Children of the Nile™ es una joya única entre los juegos de construcción de ciudades, sin parangón tanto en grandeza como en atención al detalle.Como Faraón guiarás a tu pueblo a través de miles de años de historia: desde los básicos cazadores y recolectores hasta la creación de una civilización inmortal.
Análisis de usuarios: Muy positivos (92 análisis)
Fecha de lanzamiento: 2 jul. 2008

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Comprar Children of the Nile: Enhanced Edition

Packs que incluyen este juego

Comprar Children of the Nile Pack

Incluye 2 artículos: Children of the Nile: Alexandria, Children of the Nile: Enhanced Edition

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Incluye 4 artículos: Children of the Nile: Alexandria, Children of the Nile: Enhanced Edition, Hinterland, Mosby's Confederacy


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"Happy cows, huge crocodiles, creepy animated faces and your people feast on delicious bread. That, and you're an ancient god-king and you build cities~"

Acerca de este juego

Children of the Nile™ es una joya única entre los juegos de construcción de ciudades, sin parangón tanto en grandeza como en atención al detalle.

Como Faraón guiarás a tu pueblo a través de miles de años de historia: desde los básicos cazadores y recolectores hasta la creación de una civilización inmortal. Guía a tu pueblo adecuadamente y así construirás pirámides tan bellas que corten la respiración, explorarás el mundo antiguo y declararás la guerra a tus enemigos.

Cada habitante de tu ciudad es una persona llena de vida y completamente desarrollada – parte de una unidad familiar y un hogar con sus deseos y necesidades. Desde los sacerdotes a los comediantes, desde los escribas a los trabajadores, incluso la familia real… todo el mundo necesita alimentarse y eso es sólo el comienzo. Cada bloque de piedra que se añada a tu pirámide será empujado por personas que rezan a los dioses en los templos de tu elección. Bajo tu supervisión, las economías locales prosperarán a medida que se crean bienes desde cestas de juncos hasta joyas de oro, adquiridos y disfrutados por los habitantes de tu ciudad.

Para lograr la inmortalidad, un Faraón tiene que mirar fuera de las fronteras de su ciudad y producir un impacto en el mundo. Explora y comercia libremente con vecinos extranjeros y así tendrás una razón para crear maravillas conmemorativas que contarán el relato de tu dinastía hasta el fin de los tiempos. A medida que crezca tu prestigio, también lo hará tu habilidad para atraer a más personas a tus ambiciosos proyectos y construir ciudades que sean verdaderamente épicas.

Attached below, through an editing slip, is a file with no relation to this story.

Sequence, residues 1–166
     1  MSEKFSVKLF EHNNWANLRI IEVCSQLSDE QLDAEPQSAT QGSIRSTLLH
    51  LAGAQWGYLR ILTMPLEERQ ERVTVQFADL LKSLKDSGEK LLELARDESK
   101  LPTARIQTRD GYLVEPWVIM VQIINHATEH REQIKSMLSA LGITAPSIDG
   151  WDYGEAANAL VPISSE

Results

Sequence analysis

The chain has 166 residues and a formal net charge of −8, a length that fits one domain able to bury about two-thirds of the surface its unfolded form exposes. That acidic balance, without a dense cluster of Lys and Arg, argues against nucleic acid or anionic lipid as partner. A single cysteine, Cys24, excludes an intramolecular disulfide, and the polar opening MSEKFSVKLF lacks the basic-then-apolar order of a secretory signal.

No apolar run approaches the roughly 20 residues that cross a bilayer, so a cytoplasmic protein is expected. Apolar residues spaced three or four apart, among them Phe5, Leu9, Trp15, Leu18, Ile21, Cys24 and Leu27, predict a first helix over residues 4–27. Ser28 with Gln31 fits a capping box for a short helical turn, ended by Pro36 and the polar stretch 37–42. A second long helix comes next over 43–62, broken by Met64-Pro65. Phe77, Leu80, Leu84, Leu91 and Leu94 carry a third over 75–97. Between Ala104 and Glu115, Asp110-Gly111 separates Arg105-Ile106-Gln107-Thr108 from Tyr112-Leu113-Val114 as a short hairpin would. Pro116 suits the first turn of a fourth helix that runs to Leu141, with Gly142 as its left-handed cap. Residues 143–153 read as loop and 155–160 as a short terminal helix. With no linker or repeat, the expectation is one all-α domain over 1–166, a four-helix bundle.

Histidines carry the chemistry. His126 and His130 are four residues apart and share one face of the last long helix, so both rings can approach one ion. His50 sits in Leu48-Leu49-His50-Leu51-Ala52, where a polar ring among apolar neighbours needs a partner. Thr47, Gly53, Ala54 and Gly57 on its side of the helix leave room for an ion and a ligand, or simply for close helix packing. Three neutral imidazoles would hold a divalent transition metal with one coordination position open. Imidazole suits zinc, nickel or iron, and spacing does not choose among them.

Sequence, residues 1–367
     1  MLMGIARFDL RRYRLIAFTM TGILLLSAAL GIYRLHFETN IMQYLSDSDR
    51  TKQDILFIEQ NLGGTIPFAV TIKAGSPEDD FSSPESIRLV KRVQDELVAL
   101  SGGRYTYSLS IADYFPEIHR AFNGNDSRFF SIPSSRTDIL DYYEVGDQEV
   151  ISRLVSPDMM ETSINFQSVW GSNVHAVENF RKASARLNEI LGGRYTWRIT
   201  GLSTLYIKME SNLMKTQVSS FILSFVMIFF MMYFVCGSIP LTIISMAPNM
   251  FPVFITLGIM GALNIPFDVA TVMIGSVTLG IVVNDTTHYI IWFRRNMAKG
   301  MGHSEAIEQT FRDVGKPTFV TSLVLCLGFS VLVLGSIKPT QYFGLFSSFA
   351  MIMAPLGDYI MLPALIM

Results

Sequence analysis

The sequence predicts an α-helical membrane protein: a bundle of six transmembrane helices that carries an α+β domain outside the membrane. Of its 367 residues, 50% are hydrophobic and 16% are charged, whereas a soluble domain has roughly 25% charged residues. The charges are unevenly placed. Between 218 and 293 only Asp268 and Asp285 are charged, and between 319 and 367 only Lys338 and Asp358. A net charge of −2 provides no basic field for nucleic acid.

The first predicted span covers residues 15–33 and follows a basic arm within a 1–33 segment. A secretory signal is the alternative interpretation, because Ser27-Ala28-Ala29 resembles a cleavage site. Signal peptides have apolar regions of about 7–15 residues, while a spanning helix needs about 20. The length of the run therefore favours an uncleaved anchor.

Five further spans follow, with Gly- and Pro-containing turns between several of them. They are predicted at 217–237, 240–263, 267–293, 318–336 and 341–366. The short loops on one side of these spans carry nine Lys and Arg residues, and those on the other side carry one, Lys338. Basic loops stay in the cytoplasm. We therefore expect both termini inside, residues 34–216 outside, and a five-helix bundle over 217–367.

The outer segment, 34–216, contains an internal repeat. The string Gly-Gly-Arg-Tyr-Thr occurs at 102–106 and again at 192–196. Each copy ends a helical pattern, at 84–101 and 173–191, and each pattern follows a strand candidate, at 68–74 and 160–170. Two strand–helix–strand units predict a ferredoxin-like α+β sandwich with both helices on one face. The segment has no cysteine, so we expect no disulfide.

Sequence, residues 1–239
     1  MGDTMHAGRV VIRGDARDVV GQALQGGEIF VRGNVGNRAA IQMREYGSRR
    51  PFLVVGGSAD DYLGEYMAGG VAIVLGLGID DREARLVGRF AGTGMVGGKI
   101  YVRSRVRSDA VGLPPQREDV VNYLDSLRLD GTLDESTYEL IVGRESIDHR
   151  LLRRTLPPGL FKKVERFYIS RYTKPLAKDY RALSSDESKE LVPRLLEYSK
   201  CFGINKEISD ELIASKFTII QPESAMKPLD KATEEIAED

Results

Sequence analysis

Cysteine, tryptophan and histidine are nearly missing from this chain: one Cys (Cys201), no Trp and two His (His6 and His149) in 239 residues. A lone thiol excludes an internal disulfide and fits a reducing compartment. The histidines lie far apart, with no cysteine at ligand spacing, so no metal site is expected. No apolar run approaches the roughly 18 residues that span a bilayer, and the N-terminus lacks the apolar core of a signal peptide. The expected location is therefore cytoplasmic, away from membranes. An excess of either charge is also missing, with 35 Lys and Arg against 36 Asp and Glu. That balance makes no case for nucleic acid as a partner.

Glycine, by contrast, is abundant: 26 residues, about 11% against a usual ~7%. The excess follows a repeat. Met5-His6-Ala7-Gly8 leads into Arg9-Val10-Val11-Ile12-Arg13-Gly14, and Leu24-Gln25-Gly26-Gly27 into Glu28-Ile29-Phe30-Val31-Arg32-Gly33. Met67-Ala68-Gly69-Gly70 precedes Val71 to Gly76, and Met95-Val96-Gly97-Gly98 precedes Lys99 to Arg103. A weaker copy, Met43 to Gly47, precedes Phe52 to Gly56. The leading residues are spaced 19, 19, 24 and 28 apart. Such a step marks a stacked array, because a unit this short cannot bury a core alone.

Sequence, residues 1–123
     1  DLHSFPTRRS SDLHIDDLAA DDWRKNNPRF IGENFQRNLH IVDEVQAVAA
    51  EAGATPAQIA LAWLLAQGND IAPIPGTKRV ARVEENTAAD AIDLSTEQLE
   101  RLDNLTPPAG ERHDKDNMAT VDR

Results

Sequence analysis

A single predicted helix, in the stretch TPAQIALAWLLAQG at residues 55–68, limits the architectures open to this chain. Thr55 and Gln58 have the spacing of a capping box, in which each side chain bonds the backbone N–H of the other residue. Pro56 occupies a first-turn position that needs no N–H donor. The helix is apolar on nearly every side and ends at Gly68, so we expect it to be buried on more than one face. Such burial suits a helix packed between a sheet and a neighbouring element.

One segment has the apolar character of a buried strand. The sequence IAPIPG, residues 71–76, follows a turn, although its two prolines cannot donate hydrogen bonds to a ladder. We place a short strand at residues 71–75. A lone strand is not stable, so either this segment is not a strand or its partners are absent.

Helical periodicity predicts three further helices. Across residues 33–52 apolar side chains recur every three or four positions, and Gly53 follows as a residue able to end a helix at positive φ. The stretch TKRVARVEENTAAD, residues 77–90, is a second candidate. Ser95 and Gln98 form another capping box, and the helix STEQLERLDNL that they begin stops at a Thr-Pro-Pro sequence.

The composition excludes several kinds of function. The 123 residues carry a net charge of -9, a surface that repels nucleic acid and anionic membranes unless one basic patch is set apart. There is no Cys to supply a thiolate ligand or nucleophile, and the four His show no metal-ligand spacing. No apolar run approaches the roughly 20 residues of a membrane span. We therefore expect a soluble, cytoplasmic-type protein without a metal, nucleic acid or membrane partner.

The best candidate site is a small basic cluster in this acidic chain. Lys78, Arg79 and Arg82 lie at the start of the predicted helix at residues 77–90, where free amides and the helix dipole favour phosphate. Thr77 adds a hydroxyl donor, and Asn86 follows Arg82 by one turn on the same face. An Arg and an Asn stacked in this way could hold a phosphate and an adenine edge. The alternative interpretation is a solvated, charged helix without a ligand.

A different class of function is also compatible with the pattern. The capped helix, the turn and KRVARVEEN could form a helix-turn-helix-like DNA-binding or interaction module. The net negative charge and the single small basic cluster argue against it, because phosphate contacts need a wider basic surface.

¿Cómo será recordada tu dinastía?

Requisitos del sistema

    • SO: Windows® 2000 / XP / Vista™
    • Procesador: Pentium® III o Athlon® a 800 MHz o superior
    • Memoria: 256 MB de RAM (512 MB recomendados para Windows® XP, 1 GB recomendado para Windows® Vista)
    • Gráficos: Gráfica con 32 MB y drivers 100% compatibles con DirectX® 9
    • Sonido: Dispositivo de sonido de 16 bits y drivers 100% compatibles con DirectX® 9
    • DirectX®: 9.0b
    • Disco Duro: 1.1 GB de espacio libre sin comprimir
Análisis útiles de usuarios
A 12 de 12 personas (100%) les ha sido útil este análisis
1 persona ha encontrado divertido este análisis
47.9 h registradas
Publicado el 2 de marzo
I am really into this game. It fits into a very small niche of citybuilders, has mechanics that don't restrict npcs to road access, and puts massive monuments into the perspective of realistic, long-term projects. A huge annoyance in the beginning was figuring out how the hell it works, since the tutorials lay it out but the amount of gods just gets ridiculous.

good camera controls allow for essentially any perspective
not a road-connectivity approach to citybuilders
The prestige meter adds a fun side-goal to merely completing a city

can glitch out and exit without warning, or some computers can't run it at all
the worship demands of the citizens are extremely difficult to meet
frickin priests

Buy it on sale. Don't buy it if you're trying to get achievements, because they'd be easy to get if steam would just fork them over.
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A 6 de 6 personas (100%) les ha sido útil este análisis
83.8 h registradas
Publicado el 15 de febrero
Love this game. Wish there would be a part 2, or at least something that's able to get my attention. I always come back to this, and probably will until its seriously outdated. UPlay isn't required, which I hear is another plus :D
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A 7 de 9 personas (78%) les ha sido útil este análisis
0.4 h registradas
Publicado el 21 de febrero
Children of the Nile is one of the best games ever invented, believe me. Brilliantly created, it combines complex concepts of strategy and, at the same time, has a great and unforgetable atmosphere that puts you right into the spirit of egypt, and you love the music, the light and the pace of the game as no other game based in egypt did until Children of the Nile. Worth every penny! Worth the time, great game!!
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A 67 de 67 personas (100%) les ha sido útil este análisis
1 persona ha encontrado divertido este análisis
60.9 h registradas
Publicado el 17 de noviembre de 2014